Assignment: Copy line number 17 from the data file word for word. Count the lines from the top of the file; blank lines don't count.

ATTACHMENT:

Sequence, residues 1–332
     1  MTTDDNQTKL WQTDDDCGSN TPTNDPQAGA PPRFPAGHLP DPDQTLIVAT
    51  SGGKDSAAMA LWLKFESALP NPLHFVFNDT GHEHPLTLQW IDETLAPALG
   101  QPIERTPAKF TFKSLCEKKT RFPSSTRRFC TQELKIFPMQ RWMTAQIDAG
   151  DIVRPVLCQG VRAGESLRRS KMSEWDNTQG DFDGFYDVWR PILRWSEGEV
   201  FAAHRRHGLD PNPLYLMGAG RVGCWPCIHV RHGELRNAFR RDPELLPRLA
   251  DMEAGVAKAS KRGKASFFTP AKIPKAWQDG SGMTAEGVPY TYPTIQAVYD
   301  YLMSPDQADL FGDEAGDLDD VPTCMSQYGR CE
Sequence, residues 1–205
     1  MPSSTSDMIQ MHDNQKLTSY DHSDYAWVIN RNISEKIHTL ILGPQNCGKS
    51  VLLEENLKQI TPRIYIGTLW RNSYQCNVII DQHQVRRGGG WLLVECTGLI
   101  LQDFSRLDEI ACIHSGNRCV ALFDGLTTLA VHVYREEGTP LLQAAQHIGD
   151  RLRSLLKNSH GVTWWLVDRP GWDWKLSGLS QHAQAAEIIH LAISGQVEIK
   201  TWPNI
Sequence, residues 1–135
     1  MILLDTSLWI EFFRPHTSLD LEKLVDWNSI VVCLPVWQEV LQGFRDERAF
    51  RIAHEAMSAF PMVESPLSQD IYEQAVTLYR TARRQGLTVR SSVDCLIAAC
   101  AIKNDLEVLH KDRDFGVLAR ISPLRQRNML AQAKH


    51  RIAHEAMSAF PMVESPLSQD IYEQAVTLYR TARRQGLTVR SSVDCLIAAC